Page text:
A 1-year old ME Border Collie was presented for exercise-induced collapse; during these episodes, the dog did not lose consciousness, remained in sternal recumbency and did not show obvious autonomic dysfunction; in between episodes the dog is absolutely normal. A video was provided by the owner.
What should we be thinking about in a presentation like this? Time to call the VetCT Telemedicine Hospital specialists perhaps?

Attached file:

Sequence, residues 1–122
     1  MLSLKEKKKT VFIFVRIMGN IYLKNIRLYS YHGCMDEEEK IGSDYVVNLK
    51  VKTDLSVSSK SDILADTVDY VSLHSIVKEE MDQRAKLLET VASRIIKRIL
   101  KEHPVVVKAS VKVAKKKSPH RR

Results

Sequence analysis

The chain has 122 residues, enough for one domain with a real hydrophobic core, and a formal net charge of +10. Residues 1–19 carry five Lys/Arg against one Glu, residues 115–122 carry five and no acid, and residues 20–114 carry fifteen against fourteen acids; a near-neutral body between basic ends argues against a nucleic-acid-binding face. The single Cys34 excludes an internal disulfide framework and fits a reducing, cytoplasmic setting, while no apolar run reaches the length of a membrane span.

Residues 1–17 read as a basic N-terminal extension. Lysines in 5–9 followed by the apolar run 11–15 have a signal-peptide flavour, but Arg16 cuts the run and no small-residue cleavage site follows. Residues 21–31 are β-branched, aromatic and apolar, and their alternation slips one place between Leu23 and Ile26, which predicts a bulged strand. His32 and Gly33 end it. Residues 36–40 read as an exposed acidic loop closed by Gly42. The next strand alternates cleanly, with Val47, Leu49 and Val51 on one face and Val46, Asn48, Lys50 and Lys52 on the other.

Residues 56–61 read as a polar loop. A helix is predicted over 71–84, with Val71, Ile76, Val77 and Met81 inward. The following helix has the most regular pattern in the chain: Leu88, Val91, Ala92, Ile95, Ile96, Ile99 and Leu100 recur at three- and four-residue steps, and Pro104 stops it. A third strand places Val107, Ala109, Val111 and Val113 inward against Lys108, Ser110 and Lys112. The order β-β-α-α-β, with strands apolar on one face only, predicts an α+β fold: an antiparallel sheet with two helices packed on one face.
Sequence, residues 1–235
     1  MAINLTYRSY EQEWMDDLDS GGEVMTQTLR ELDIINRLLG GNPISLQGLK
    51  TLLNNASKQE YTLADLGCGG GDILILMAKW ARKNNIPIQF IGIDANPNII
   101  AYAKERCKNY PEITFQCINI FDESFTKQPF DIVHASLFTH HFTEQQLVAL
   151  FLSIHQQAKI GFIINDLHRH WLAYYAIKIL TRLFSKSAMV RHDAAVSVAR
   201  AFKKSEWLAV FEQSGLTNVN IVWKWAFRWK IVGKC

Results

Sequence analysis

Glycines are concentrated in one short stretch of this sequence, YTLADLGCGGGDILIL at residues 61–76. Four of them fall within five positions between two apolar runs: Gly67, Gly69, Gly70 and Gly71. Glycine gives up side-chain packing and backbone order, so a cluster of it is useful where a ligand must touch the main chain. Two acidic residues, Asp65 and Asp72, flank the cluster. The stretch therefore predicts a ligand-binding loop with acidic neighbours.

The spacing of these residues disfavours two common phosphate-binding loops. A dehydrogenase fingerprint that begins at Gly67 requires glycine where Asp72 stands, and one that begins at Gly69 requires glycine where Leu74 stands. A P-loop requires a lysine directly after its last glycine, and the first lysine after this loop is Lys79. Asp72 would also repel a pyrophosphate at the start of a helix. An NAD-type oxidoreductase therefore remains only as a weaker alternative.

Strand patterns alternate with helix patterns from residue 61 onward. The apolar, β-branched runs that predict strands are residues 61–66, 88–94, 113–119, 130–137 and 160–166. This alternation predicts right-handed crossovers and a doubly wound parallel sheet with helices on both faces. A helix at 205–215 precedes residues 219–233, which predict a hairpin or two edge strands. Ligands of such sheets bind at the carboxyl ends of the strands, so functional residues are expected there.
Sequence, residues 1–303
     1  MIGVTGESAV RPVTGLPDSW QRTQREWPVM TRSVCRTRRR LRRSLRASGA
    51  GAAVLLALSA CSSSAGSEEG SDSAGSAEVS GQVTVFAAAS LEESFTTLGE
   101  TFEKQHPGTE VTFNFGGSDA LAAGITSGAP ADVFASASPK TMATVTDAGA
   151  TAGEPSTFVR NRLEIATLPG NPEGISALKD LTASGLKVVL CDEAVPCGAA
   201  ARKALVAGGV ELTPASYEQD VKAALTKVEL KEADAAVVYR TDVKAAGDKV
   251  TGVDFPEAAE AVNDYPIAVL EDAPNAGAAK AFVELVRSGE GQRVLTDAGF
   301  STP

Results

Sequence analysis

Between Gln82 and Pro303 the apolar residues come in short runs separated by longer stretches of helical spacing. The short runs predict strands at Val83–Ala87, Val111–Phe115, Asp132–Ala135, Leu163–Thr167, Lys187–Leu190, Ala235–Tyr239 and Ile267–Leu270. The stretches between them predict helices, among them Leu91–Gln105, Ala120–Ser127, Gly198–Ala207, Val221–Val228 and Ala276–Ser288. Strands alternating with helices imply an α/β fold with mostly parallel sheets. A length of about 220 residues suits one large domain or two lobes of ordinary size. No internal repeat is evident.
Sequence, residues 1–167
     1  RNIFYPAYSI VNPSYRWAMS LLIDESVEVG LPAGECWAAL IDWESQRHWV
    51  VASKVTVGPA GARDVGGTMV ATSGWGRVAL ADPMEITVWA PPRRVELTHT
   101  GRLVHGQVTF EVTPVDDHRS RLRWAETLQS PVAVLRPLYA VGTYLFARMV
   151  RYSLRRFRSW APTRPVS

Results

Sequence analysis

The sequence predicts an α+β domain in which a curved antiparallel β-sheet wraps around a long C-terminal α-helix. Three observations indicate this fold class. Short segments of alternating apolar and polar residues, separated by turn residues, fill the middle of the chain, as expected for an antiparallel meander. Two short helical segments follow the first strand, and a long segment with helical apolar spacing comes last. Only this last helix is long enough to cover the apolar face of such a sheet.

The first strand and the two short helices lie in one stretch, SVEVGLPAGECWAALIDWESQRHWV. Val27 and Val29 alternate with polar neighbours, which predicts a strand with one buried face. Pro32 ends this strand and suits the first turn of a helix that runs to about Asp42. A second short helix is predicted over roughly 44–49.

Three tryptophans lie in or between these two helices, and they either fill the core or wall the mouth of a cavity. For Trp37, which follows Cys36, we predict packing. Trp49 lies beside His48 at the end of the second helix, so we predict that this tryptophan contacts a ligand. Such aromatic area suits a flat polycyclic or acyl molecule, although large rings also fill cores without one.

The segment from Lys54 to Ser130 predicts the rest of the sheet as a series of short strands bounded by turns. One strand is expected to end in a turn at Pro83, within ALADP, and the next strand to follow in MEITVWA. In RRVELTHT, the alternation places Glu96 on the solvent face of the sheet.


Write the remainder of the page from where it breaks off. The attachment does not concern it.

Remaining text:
A call was made to our #vetsforvets FREE COVID-19 hotline. One of our Boarded Neurologists advised the following: exercise-induced collapse can occur in Border Collies as a congenital disease; a specific mutation for this disease in Border Collies has not been discovered, although it is highly suspicious that it has a genetic cause. It is however important that we first rule out other differentials. A cardiology assessment including Holter monitoring whilst trying to induce a collapsing episode could be considered. If normal, and especially if CK is elevated, evaluation for possible myopathies (e.g. mitochondrial or centronuclear myopathies) could be a next step. Often referral to a neurology department is ideal in that case. If referral is not an option, supportive treatment for myopathies could be initiated, followed by observing the response over the next 4 weeks building up the exercise slowly. Supportive treatment includes L-carnitine and Co-enzyme Q10.
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